|This is my idea of a pun|
Metro Manila Community Quarantine - Day 465
Today I got into a somewhat lengthy discussion to help a friend figure out the vaccination requirements in her city. The fact the ultimate vaccine rollout is something that the different local governments need to manage has resulted in quite the patchwork collection of online systems, schedules, appointment methods, and what not that varies from place to place.
I am a stickler for the rules when it comes to many things in life and this propensity for reading manuals and following instructions has given me a fairly good aptitude for navigating bureaucracy and similarly complex systems like customer service queues. and thus I've sort of thrived in this crazy environment and at least got vaccinated and I now feel fairly on track to get Tobie an appointment once more slots open up. And I think I was able to help my friend take those first steps as well, provided more schedules open up in her area.
But I can imagine that beyond the notion of vaccine hesitancy, this mishmash of different systems and requirements is probably one of the biggest barriers to getting more people vaccinated. If it's already hard for digital natives to get through the different online databases and scheduling systems, what more for those who don't even have regular access to the internet or only have devices that just meet the minimum standards of being called smartphones? As potentially convenient online platforms can be for many things, I'm sure there's still an opportunity when it comes to relying on these systems for something as important as our national vaccination effort, which is essentially the backbone of our actual pandemic response.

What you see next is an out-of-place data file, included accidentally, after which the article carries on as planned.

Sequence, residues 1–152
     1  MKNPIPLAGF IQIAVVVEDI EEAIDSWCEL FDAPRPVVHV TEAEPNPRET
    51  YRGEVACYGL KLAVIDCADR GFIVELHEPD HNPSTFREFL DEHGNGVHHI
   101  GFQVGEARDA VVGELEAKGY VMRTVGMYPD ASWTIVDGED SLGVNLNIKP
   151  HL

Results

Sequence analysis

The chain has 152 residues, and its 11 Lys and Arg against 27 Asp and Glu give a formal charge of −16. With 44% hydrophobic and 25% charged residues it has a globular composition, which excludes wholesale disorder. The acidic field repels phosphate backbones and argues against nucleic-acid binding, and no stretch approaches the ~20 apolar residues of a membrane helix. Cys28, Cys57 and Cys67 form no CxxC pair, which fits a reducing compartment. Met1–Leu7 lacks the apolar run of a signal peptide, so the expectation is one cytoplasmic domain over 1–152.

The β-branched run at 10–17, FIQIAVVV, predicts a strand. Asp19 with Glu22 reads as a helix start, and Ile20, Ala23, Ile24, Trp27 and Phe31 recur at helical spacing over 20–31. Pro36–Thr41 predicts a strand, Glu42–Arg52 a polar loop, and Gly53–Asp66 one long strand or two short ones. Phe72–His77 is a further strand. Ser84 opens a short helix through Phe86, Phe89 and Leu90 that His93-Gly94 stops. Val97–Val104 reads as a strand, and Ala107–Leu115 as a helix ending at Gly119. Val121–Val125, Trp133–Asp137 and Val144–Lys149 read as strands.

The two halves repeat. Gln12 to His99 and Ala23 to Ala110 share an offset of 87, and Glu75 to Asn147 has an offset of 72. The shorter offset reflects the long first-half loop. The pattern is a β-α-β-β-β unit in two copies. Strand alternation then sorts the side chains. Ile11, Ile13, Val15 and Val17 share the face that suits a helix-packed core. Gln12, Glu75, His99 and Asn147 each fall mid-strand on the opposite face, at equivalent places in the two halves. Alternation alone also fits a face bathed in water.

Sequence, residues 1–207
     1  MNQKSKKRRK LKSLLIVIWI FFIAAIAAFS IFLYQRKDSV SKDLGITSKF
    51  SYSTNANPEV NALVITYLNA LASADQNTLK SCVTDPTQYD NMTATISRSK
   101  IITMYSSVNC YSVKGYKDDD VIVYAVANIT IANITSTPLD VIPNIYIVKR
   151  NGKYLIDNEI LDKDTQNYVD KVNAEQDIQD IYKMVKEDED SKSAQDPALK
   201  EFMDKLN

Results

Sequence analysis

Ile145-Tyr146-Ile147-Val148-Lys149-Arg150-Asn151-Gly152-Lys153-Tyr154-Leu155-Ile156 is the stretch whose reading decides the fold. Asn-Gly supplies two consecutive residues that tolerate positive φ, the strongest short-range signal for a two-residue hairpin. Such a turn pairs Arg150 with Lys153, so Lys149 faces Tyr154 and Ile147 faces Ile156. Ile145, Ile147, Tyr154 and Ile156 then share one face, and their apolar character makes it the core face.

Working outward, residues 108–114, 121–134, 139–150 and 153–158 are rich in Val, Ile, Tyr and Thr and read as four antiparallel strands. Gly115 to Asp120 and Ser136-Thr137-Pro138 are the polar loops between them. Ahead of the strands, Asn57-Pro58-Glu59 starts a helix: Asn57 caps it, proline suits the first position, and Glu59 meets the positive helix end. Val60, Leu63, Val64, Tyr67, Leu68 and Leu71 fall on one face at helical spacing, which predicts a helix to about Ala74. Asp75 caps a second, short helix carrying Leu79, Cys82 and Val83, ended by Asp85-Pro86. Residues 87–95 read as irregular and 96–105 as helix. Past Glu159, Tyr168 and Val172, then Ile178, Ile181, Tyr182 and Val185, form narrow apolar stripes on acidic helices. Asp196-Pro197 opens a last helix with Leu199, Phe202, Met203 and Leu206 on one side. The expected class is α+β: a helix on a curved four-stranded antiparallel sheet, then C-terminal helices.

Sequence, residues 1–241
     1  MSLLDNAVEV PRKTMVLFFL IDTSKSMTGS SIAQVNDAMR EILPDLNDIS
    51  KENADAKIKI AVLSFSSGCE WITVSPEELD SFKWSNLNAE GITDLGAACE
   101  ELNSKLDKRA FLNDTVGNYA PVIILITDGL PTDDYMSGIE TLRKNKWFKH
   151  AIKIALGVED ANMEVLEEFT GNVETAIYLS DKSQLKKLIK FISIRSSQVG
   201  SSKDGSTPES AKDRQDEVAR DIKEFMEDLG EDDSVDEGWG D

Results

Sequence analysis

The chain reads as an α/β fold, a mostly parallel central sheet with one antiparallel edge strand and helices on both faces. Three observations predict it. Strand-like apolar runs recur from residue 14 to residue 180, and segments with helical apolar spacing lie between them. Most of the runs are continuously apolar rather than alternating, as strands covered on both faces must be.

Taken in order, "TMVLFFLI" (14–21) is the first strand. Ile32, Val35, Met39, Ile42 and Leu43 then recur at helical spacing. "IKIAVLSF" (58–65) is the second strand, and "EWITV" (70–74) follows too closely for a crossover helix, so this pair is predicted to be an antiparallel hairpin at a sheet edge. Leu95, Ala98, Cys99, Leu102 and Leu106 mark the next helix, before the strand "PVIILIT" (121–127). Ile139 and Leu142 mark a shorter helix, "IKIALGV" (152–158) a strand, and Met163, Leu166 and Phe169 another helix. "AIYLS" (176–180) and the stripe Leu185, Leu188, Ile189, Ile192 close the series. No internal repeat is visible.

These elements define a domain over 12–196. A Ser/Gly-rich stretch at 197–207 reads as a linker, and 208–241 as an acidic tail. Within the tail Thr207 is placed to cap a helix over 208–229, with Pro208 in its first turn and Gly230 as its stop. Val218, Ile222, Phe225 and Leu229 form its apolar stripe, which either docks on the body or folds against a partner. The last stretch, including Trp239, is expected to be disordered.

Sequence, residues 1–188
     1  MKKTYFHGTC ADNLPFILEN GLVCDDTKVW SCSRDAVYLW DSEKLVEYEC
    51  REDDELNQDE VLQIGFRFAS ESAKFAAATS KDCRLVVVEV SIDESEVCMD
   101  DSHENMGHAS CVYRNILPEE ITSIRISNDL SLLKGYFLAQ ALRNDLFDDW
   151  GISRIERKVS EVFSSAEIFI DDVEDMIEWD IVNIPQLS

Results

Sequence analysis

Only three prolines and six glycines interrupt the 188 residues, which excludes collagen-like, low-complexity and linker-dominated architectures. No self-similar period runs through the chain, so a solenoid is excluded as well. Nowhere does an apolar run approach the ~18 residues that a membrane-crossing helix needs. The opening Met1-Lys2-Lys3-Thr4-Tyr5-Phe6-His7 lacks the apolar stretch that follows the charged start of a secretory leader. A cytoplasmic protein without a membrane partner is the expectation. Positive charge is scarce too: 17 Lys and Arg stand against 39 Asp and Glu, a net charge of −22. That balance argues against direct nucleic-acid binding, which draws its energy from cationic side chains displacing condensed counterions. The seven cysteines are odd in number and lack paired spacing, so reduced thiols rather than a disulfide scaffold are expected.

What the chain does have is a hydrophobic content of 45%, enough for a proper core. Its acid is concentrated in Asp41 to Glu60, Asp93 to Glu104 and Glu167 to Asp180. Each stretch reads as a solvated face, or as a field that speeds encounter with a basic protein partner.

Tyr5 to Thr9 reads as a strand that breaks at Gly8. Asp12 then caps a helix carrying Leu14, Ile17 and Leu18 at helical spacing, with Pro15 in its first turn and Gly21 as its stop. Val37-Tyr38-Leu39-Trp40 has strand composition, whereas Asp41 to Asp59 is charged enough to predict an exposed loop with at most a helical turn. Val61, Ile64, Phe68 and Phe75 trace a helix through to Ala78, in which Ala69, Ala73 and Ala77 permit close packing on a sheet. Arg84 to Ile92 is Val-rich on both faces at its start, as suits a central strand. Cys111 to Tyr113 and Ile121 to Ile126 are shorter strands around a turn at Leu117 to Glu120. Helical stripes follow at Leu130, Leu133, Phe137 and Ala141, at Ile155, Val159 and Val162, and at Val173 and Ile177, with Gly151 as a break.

What more those who just aren't comfy with technology like the more vulnerable senior citizens and others who just avoid putting their data online whenever possible. How many people aren't getting vaccinated because of all these complications and challenges?
Just look at what happened in the city of Manila after they announced that things would shift to allow for walk-ins. Online appointment systems can be intimidating, but lining up for something is something that a lot of people can understand and so many people turned up even for just the chance of getting a shot. This is not an ideal solution of course, but it just illustrates how differences in complexity can greatly affect participation. And that's something the government needs to think about in terms of how to best utilize our limited vaccine supplies in a manner that protects the most vulnerable first.
We can do better and we NEED to do better. We have a very long way to go before we approach anything close to the idea of herd immunity. And we can't really afford to drag our feet when it comes to this.